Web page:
Greg Dutcher is a Calvinist pastor who is concerned about some of what he sees in today’s New Calvinism. Calvinism is “in” today; this is a cause for joy for those who, like me, believe that Reformed theology is a pure and accurate expression of New Testament theology, but with Calvinism’s trendiness come certain dangers and challenges. Some time back Dutcher approached me to ask if Cruciform Press would be interested in publishing a book that would look at a series of ways that we, today’s Calvinists, might destroy what the Lord appears to be doing. His proposal was intriguing and I passed it to the decision-makers. Cruciform went on to publish Killing Calvinism: How to Destroy a Perfectly Good Theology from the Inside. Though I looked at the initial proposal I deliberately chose not to read it until several months after publication. In fact, I only read it in full yesterday. (A long-delayed flight gave me a lot of time.)
I am glad I waited and even more glad that I finally read it. Killing Calvinism is part confession, part teaching, part exhortation. Dutcher looks first to himself and his own propensity to be a Calvinist first and a Christian second, to be more concerned with a theological system than with the gospel itself. He offers eight different ways that we may just destroy what the Lord is doing.
- By loving Calvinism as an end in itself
- By becoming a theologian instead of a disciple
- By loving God’s sovereignty more than God himself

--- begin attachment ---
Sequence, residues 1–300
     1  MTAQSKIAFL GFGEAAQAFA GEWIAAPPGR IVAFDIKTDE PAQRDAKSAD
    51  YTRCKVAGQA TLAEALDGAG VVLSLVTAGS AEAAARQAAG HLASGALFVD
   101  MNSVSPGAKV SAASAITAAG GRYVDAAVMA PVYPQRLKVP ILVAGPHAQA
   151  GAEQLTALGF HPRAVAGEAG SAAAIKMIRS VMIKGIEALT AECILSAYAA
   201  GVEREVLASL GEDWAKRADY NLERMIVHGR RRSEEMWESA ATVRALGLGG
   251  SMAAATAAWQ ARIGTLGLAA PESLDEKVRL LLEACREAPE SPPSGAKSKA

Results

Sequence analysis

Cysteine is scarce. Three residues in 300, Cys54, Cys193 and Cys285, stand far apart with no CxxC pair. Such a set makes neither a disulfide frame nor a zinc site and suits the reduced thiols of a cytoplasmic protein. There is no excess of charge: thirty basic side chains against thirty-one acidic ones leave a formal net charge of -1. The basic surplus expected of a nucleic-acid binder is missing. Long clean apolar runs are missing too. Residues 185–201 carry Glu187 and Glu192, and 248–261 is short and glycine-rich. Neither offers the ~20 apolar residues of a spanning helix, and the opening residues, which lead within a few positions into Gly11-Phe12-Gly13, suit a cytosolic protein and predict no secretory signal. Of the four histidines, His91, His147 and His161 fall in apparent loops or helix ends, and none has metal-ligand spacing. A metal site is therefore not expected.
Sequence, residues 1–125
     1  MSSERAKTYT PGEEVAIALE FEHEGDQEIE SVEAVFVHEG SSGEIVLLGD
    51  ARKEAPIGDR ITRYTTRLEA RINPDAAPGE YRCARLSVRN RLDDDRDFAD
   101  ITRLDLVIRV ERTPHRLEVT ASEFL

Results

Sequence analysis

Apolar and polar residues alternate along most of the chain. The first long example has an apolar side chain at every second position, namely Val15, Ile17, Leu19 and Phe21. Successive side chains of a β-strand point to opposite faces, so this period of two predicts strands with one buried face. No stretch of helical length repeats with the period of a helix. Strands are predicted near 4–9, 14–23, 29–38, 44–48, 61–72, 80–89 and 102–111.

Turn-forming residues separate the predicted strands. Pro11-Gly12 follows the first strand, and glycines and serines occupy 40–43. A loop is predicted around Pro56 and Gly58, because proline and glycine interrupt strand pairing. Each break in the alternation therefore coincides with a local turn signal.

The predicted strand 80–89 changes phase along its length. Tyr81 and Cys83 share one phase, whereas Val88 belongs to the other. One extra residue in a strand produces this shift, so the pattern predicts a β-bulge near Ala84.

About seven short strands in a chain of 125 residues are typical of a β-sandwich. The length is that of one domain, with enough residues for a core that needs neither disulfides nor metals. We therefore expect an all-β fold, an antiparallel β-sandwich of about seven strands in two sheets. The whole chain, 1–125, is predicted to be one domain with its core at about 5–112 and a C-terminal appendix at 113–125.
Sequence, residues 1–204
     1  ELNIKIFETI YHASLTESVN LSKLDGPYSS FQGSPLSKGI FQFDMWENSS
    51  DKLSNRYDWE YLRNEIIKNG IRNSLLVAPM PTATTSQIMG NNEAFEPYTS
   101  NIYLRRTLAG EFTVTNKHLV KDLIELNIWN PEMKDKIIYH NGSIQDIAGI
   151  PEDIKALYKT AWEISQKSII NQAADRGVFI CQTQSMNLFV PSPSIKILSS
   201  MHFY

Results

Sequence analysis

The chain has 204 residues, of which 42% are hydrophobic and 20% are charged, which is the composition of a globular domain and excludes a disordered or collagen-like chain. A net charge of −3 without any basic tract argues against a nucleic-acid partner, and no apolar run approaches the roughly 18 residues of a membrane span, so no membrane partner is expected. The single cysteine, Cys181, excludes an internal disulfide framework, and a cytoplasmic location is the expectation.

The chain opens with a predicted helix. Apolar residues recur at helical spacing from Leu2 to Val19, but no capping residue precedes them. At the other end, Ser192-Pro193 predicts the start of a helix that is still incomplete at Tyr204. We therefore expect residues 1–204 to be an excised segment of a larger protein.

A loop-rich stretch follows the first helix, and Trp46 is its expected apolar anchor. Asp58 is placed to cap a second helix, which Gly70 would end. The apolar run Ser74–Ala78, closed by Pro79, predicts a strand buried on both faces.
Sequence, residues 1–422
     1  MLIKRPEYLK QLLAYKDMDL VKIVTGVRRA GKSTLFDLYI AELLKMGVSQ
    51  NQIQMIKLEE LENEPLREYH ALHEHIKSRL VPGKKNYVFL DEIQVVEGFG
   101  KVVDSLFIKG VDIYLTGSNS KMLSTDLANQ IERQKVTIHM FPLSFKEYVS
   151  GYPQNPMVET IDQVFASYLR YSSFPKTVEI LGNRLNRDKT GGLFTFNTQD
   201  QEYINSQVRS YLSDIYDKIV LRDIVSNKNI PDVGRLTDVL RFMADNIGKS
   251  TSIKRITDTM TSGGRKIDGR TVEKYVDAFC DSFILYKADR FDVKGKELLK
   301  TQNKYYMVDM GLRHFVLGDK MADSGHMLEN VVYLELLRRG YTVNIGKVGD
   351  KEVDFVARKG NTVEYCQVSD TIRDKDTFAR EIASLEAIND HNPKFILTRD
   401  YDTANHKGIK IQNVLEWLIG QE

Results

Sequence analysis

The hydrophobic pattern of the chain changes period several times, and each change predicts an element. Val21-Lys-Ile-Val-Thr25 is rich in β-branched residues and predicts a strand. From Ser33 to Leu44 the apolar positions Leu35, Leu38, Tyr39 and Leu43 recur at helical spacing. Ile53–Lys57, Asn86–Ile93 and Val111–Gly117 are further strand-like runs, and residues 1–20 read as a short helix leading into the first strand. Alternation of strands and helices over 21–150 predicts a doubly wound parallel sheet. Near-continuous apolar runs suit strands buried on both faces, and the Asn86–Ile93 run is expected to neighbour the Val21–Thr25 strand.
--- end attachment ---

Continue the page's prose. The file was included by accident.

- By losing an urgency in evangelism
- By learning only from other Calvinists
- By tidying up the Bible’s “loose ends”
- By being an arrogant know-it-all
- By scoffing at the hang-ups others have with Calvinism
While it’s unlikely that each of these eight things apply to each one of us, I’m sure we can all see our propensity toward at least a few of them. I know that I sometimes value understanding and systematizing theology over being a disciple of Christ and I know I can sometimes try to tidy up the Bible’s loose ends by downplaying the difficulties presented by certain texts. I know that I can also do just what Dutcher says here: “Some Calvinists seem to think we were saved to proclaim God’s sovereignty rather than God himself.” Guilty as charged. And I could go on.
Among the book’s strengths are its illustrations. For example, Dutcher compares Reformed theology to a windshield of all things. “I am concerned that many Calvinists today do little more than celebrate how wonderfully clear their theological windshield is. But like a windshield, Reformed theology is not an end in itself. It is simply a window to the awe-inspiring universe of God’s truth, filled with glory, beauty, and grace. Do we need something like a metaphorical windshield of clear, biblical truth to look through as we hope to marvel at God’s glory? Absolutely. But we must make sure that we know the difference between staring at a windshield and staring through one.”
Dutcher’s exhortations and rebukes are timely and well-taken. He writes as a concerned Calvinist who wants to see the Lord continue to work in and through his people and he knows that we may prove to be the barrier to that work. John Piper read the book and said “When this kind of critique and warning come from within a movement, it is a sign of health.” I couldn’t agree more. All of us who love Reformed theology would do well to read it and take it to heart.
(Let me again disclose that I am a part-owner of Cruciform Press, the publisher of this book. I have written an honest and voluntary review, but I guess there may be some bias. I haven’t quite figured out how to express enthusiasm for a book I was involved in publishing but truly believe in.)Buy from Amazon